Meanwhile, despite my happy comments that LittleBear is trying new food, and despite the probability that this would immediately jinx things... he has, in fact, continued to try new food. He has happily eaten galettes au chou, his eyes have lit up with glee on discovering the joy of properly crisp pork crackling, he has demolished cheese and bacon pancakes. He has asked to try pesto, and gnocchi, and spring rolls. More excitingly, he has simply eaten some of the new experiments, without objection, even when he's said they're only "OK". I still can't quite get over how exciting this all is.

However, I now have a new Theory Of Children. 

In the past, I had happily accepted that some children sleep well, and some children eat unfussily, and for the most part it's outside your control. What I have gradually come to notice is that these two states are mutually exclusive. You can have sleep, or you can have food, but you can't have both. This has broadly been true across my friends - if there were any who had children who ate everything and slept well, they very sensibly kept quiet.

We currently have food, but we do not have sleep.

I've enjoyed the episode of eating things, but actually, in retrospect, if I had a choice, I'd choose sleep.

Are you listening LittleBear?

* Seriously, does any child do this?

Thursday, 6 September 2018

Plus ca change...

Well, this time, to my bemusement, plus ca change, plus ca change.

For various reasons, LittleBear's school's kitchen is out of commission for the next few weeks, and so he is having a packed lunch every day. But I was Firm Mummy, and informed him sternly that he would absolutely, definitely, and with no question, be returning to school lunches as soon as they were back on offer. And then, because I was tired, I started getting even more firm about trying new foods again and not leaving everything at school when lunches re-start.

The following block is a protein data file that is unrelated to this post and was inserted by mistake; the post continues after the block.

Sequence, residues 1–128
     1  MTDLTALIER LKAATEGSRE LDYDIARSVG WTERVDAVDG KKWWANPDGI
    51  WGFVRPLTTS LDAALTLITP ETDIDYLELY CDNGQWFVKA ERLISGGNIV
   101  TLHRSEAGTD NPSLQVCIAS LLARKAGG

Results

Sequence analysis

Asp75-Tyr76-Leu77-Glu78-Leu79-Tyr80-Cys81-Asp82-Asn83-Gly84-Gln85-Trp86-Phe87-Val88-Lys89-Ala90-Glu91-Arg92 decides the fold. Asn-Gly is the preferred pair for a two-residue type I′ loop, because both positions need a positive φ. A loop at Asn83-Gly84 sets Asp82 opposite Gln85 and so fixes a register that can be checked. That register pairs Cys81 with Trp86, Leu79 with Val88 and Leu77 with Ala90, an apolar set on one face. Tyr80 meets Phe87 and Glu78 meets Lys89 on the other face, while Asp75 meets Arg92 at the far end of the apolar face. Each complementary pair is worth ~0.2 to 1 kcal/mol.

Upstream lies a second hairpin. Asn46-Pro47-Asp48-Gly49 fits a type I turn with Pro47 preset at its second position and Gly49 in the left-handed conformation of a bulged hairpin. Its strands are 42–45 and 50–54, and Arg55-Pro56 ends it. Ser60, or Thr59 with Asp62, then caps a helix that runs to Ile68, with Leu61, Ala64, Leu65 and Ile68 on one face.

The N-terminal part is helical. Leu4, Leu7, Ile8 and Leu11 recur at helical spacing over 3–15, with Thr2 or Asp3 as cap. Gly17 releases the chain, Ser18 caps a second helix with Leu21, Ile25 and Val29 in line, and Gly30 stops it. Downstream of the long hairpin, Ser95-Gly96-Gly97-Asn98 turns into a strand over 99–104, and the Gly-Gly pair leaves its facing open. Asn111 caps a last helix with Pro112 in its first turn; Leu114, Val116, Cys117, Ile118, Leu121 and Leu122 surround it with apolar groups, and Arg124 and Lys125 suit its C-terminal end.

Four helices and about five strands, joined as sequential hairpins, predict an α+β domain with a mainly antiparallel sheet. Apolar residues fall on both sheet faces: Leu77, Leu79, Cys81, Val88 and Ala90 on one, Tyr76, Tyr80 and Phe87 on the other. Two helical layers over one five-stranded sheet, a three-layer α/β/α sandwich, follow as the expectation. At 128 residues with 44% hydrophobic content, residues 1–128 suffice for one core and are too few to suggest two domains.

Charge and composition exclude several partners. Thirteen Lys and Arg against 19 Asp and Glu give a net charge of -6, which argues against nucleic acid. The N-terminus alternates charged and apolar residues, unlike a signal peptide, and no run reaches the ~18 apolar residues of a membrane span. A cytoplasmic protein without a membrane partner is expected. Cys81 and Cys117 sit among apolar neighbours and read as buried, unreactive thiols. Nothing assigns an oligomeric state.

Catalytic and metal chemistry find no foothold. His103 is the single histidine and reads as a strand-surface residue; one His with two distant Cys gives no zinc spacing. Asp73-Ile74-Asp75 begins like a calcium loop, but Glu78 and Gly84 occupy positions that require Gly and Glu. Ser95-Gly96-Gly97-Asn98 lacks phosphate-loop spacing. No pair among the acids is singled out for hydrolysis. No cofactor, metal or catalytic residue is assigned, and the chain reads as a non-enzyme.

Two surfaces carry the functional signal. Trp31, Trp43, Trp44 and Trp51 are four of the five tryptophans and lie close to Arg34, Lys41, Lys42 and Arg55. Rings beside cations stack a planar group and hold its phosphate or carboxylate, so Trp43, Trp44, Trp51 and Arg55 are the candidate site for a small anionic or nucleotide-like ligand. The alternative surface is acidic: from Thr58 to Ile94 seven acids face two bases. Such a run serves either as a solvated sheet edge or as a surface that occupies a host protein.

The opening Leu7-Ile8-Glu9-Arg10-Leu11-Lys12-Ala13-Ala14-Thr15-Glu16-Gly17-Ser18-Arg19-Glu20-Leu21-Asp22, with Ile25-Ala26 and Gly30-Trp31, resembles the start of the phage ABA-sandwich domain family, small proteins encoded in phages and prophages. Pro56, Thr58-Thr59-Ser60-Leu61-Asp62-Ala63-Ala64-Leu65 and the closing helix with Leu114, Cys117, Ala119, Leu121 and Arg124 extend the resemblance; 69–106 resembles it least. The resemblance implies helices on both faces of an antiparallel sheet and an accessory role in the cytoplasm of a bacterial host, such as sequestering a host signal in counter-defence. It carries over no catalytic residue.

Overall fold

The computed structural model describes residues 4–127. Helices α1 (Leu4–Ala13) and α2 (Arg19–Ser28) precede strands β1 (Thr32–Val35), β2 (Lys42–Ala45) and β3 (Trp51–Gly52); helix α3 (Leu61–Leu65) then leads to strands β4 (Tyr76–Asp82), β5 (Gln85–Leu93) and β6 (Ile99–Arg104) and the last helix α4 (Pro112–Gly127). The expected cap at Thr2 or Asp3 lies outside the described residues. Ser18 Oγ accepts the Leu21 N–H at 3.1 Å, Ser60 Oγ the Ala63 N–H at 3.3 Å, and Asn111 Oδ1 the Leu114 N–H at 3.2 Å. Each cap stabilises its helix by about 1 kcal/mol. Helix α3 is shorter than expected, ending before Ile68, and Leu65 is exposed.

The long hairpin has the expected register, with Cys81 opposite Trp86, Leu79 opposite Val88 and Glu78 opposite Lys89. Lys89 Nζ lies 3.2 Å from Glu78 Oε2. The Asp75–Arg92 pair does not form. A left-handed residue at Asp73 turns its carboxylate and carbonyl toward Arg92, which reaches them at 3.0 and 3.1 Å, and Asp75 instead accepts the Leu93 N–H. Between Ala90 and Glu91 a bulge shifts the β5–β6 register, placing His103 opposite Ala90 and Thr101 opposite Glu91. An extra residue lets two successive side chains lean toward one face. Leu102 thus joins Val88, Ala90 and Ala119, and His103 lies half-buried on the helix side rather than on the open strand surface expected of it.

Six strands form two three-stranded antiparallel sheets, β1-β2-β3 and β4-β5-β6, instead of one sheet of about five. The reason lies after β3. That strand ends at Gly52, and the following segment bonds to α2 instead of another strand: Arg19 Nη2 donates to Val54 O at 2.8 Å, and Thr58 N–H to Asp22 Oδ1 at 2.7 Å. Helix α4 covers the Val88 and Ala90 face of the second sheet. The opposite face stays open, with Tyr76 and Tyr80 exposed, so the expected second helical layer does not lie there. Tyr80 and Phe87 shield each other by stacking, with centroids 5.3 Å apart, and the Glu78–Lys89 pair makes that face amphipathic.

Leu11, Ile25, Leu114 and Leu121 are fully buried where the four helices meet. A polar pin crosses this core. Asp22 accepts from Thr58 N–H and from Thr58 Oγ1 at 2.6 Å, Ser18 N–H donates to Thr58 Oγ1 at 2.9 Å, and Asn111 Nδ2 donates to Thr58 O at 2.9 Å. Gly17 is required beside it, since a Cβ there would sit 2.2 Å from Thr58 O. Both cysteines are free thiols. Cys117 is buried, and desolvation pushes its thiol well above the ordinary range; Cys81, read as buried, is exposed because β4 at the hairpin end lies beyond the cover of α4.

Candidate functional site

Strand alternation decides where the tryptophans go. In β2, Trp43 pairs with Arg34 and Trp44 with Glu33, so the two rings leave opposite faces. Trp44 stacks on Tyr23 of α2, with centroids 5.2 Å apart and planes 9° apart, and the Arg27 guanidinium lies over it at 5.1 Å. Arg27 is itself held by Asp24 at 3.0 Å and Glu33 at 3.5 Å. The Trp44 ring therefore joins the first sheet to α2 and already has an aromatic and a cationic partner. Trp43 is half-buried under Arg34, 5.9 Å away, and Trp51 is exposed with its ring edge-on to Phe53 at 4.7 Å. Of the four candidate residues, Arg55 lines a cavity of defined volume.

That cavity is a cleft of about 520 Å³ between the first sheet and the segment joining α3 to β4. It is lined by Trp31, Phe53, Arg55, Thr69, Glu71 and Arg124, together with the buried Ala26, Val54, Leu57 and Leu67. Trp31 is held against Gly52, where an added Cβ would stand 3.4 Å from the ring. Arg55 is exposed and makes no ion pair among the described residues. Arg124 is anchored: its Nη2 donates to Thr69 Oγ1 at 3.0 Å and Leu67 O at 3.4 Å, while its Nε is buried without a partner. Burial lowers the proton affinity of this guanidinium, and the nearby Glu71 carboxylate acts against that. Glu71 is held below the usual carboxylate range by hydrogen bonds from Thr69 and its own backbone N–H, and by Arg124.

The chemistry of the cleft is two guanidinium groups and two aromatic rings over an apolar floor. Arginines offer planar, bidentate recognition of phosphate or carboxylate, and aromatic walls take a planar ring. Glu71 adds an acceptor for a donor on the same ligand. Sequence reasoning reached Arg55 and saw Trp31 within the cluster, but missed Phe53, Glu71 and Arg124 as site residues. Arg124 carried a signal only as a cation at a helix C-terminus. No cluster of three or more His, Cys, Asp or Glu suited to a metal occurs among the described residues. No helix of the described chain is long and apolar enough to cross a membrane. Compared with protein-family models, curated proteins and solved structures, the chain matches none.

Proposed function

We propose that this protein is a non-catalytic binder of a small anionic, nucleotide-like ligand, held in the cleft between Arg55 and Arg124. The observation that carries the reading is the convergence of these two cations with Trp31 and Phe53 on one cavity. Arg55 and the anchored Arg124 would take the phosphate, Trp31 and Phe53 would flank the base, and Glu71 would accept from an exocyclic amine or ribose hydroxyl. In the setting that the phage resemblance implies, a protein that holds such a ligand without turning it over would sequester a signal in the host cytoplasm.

I've tried a new approach lately, explaining to LittleBear that not liking new food is completely normal, and a perfectly safe way for a cave-man's brain to behave. New could be poisonous, and so is not to be trusted. But he's not a cave-man, and he has to keep trying food until the cave-man inside him is satisfied that it's not poisonous. So now, when he says he doesn't like something - frequently something he hasn't tried - I can simply tell him not to let the cave-man win. So far, it hasn't worked at all, but because there's nothing quite like banging one's head against a brick wall, I've stuck with it as my explanation in the hope that he might actually believe me.

Back to the old favourite through - insisting that LittleBear try some new things. We wrote a list together. Actually, we wrote three lists, titled "Good", "OK" and "New". I was pleasantly surprised by how many perfectly good meals there were in the "Good" column. And there were a handful of things in the "OK" column; things he hadn't actually spat out last time he tried them, or were made entirely of ingredients he already likes. And the "New" column included some variations on a theme that he might tolerate.